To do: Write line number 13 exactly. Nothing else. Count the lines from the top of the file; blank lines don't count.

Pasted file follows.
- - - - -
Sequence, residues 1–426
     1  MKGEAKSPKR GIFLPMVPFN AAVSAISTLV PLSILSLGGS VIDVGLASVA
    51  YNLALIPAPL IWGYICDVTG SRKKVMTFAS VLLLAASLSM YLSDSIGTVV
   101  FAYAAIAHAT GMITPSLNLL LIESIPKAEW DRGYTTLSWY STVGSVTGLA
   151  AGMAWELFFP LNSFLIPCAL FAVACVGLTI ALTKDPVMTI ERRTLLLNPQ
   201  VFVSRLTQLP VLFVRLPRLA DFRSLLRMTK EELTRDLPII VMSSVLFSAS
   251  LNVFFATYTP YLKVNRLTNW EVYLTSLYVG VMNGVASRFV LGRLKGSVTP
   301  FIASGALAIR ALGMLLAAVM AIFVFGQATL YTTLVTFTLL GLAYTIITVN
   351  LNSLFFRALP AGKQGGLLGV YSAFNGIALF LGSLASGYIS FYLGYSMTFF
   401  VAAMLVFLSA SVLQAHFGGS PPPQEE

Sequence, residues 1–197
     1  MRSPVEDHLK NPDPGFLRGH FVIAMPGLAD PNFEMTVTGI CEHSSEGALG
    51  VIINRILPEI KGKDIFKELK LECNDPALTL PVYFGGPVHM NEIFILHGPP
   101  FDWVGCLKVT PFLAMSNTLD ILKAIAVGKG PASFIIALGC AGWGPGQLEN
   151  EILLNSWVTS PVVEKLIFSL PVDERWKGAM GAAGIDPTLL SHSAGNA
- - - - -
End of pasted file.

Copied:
    51  VIINRILPEI KGKDIFKELK LECNDPALTL PVYFGGPVHM NEIFILHGPP